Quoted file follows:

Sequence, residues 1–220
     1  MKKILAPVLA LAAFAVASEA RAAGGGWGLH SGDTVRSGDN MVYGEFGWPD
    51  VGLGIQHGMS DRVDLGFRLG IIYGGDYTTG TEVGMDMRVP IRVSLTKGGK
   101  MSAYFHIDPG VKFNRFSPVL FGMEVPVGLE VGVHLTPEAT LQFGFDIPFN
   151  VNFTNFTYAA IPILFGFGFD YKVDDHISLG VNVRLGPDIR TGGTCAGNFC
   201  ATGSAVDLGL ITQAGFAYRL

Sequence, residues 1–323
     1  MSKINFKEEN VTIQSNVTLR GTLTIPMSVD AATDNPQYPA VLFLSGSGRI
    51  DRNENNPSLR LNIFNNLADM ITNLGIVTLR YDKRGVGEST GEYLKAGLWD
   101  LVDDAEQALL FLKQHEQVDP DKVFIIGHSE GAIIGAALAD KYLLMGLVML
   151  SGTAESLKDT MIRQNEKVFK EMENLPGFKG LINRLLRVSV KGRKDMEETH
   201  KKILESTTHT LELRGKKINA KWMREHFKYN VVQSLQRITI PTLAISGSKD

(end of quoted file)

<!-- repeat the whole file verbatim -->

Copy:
Sequence, residues 1–220
     1  MKKILAPVLA LAAFAVASEA RAAGGGWGLH SGDTVRSGDN MVYGEFGWPD
    51  VGLGIQHGMS DRVDLGFRLG IIYGGDYTTG TEVGMDMRVP IRVSLTKGGK
   101  MSAYFHIDPG VKFNRFSPVL FGMEVPVGLE VGVHLTPEAT LQFGFDIPFN
   151  VNFTNFTYAA IPILFGFGFD YKVDDHISLG VNVRLGPDIR TGGTCAGNFC
   201  ATGSAVDLGL ITQAGFAYRL

Sequence, residues 1–323
     1  MSKINFKEEN VTIQSNVTLR GTLTIPMSVD AATDNPQYPA VLFLSGSGRI
    51  DRNENNPSLR LNIFNNLADM ITNLGIVTLR YDKRGVGEST GEYLKAGLWD
   101  LVDDAEQALL FLKQHEQVDP DKVFIIGHSE GAIIGAALAD KYLLMGLVML
   151  SGTAESLKDT MIRQNEKVFK EMENLPGFKG LINRLLRVSV KGRKDMEETH
   201  KKILESTTHT LELRGKKINA KWMREHFKYN VVQSLQRITI PTLAISGSKD